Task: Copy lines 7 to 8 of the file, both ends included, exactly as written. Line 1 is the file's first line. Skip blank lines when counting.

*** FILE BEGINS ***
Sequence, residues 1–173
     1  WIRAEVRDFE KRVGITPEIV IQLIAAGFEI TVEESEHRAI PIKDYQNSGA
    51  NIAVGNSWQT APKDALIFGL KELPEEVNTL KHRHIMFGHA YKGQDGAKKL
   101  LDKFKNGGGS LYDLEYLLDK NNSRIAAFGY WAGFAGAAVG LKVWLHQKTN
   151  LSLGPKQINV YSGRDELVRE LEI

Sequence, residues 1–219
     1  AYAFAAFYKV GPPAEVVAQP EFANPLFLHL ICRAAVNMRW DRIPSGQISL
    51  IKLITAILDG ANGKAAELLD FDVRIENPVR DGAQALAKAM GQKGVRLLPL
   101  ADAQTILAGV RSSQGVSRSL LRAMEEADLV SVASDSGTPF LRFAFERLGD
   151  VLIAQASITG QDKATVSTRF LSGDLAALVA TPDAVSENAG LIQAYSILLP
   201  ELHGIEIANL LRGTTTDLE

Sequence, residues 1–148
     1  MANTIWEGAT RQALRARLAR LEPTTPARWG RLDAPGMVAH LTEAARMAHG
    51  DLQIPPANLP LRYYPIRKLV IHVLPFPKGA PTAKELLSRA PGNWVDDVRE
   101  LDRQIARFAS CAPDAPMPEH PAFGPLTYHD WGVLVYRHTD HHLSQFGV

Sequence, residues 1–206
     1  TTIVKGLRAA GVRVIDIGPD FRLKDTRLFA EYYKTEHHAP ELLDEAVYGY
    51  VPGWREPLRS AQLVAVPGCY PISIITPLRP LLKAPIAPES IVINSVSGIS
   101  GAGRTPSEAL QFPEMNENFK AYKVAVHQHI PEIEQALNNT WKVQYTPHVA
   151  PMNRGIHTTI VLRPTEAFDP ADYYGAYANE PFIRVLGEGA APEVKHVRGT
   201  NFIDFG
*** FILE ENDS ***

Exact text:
     1  AYAFAAFYKV GPPAEVVAQP EFANPLFLHL ICRAAVNMRW DRIPSGQISL
    51  IKLITAILDG ANGKAAELLD FDVRIENPVR DGAQALAKAM GQKGVRLLPL